Have you spotted any cherry trees near you?  What's your favourite cherry recipe?  Got any you'd like me to write about?

28 comments:

  1. how brilliant and i love the cascade of reasons the man gave you as to why you couldn't pick the cherries! he just wanted them for himself I reckon! :)

    ReplyDelete
  2. Fab post Liz, I would love to find a cherry tree to forage. Beautiful images too :)

    ReplyDelete
    Replies
    1. Aww thanks! I'm thinking maybe kirsch next? :0)

      Delete
  3. Oh wow, this post has reminded me that there are about 7 wild cherry trees that must be in full fruit just down alone near the cottage. They're of the very dark red variety but taste sensational. Lovely post. Lovely clafouti too x

    ReplyDelete
    Replies
    1. Oh thanks Dom. Yeah, get out there and get picking! What would you make with yours?

      Delete
  4. I can't believe that those cherries hadn't all been scoffed by a park full of children, just as well my kids don't live close by. Pudding looks divine.

    ReplyDelete
    Replies
    1. I know! What can I say - the kid's round here clearly have no taste! x

      Delete
  5. Lovely, there are cherry trees in the park just around the corner from me including a yellow cherry, it makes fantastic jam on no one else ever picks them. I love forraging and your recipe sounds just perfect for this weekend.

    ReplyDelete
    Replies
    1. Oooh I bet yellow cherries make beautiful jam. Are yours ready yet? x

      Delete
  6. Excellent recipe, thank you.

    ReplyDelete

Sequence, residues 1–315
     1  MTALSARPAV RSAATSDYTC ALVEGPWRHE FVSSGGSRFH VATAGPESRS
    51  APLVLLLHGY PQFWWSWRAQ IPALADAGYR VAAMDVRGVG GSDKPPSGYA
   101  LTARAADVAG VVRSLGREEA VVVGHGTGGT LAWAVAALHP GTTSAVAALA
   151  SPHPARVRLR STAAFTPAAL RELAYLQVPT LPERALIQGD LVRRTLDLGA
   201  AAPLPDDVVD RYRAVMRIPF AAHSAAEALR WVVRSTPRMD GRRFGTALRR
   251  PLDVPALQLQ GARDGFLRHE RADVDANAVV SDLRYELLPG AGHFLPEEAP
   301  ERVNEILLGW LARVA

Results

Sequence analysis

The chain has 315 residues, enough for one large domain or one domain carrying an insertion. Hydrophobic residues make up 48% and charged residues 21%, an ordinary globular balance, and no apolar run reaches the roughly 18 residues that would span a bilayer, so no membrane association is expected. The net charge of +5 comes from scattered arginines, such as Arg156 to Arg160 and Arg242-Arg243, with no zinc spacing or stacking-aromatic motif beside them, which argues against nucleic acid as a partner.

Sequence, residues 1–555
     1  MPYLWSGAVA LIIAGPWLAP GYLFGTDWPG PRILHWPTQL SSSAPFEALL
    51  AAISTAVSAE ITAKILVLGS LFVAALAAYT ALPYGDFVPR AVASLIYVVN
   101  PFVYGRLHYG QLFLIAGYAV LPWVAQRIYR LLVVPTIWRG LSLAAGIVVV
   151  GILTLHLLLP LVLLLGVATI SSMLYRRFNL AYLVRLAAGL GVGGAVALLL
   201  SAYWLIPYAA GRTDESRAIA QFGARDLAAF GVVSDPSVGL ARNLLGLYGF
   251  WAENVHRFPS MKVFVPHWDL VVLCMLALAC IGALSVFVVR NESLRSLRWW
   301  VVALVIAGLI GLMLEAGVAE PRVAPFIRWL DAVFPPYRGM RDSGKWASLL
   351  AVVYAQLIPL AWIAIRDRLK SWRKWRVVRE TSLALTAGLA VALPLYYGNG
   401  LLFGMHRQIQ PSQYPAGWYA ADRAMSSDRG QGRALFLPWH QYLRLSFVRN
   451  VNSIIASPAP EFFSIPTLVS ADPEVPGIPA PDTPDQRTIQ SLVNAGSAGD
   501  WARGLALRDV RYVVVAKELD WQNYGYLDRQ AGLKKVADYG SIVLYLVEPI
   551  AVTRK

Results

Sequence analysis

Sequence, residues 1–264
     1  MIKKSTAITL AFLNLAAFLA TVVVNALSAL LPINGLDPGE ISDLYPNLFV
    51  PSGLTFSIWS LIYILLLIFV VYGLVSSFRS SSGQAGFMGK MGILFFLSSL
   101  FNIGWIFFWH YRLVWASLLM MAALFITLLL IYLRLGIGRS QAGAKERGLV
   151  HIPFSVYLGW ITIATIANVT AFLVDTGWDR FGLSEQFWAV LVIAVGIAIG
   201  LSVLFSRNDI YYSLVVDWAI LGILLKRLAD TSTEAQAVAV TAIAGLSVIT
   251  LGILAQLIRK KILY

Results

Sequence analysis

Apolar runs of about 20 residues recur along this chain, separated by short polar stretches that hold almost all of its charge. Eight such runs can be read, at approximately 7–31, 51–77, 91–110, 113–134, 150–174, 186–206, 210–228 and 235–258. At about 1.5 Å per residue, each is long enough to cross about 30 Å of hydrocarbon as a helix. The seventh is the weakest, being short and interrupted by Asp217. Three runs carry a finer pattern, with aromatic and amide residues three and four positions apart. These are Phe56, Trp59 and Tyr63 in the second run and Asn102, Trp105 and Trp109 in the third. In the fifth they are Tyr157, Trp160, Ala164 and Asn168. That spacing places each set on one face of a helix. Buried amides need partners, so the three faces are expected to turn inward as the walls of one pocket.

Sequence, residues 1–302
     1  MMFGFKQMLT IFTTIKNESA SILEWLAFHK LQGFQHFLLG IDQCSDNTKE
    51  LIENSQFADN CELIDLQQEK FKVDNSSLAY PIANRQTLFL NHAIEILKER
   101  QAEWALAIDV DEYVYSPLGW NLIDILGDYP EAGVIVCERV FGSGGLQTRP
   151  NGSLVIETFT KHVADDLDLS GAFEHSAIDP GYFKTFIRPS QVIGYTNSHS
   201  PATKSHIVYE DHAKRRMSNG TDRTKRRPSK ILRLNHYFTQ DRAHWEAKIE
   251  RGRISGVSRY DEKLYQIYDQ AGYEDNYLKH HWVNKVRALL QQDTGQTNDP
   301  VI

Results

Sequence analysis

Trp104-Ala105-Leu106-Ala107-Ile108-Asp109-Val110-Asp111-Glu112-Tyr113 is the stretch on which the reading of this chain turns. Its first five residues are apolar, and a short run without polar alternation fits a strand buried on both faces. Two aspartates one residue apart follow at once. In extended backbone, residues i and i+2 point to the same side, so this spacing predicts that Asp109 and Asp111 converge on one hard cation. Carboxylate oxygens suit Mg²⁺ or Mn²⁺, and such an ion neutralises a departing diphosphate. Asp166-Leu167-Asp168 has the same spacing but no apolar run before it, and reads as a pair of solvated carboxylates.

7. ooooh well spotted ! what a wonderful forrage you had. i did smile when i saw your comment on my cobbler post about making a clafoutis - i thought ooooh thats very posh. I still think its a posh pud but actually very delicious and yummy! mmmm x

    ReplyDelete
    Replies
    1. Haha yeah I'm well posh, me. Innit?

      Delete
  8. Fab post lady! We have one tree in our garden, which I am watching like a hawk and shooing birds off, and another which we have just planted. I am desperate to make a clafoutis but ours aren't quite ready...or they weren't yesterday...I'm off!

    ReplyDelete
    Replies
    1. Thank you Chris.

      I can just see you shooing the birds away!

      Delete
  9. Wow! We had a cherry tree in our garden growing up and I LOVE them. This pudding (and the story) - amazing!

    ReplyDelete
  10. We have two cherry trees on the way to the local shop.I've just picked the few ripe ones I could reach.Not enough for a puddings like this but I'm to freeze them every time I pick some so I can use them all at a later date.

    ReplyDelete
    Replies
    1. Ha I love that you're stealthily stashing enough to make something with them! I've got all the ones I can reach and am now wondering if I can subtlety take a set of steps up there!

      Delete
  11. oh wow what a terrific find. We have a small cherry tree in our garden and got our first edible (though pretty sour) fruit off it today. Can't wait to have enough for a pie!

    ReplyDelete
    Replies
    1. The one thing I don't like about our garden is that we have no established fruit trees. Maybe I'll save a pip and make a start!

      Delete
  12. Am I losing the plot or is the melted butter part missing from the recipe? :)

    ReplyDelete
    Replies
    1. Um no! Special prize for spotting my deliberate mistake *cough*.

      Add the butter to the batter, I'll amend that now.

      Oops. Thank you! x

      Delete
  13. Also the vanilla.. oops. In the oven now anyway! ;-)

    ReplyDelete
    Replies
    1. See, I shall never make it as a food blogger!!

      I don't always add vanilla, so I hope it will be fine!

      x

      Delete
  14. Worked out well :) By the way, successfully stoned my cherries using a drinking straw to cut around the stem, then squeezing. The cherries were pretty tiny though.

    ReplyDelete
    Replies
    1. Oooh great, thanks for letting my know. Great tip wit the straw too, ingenious! x

      Delete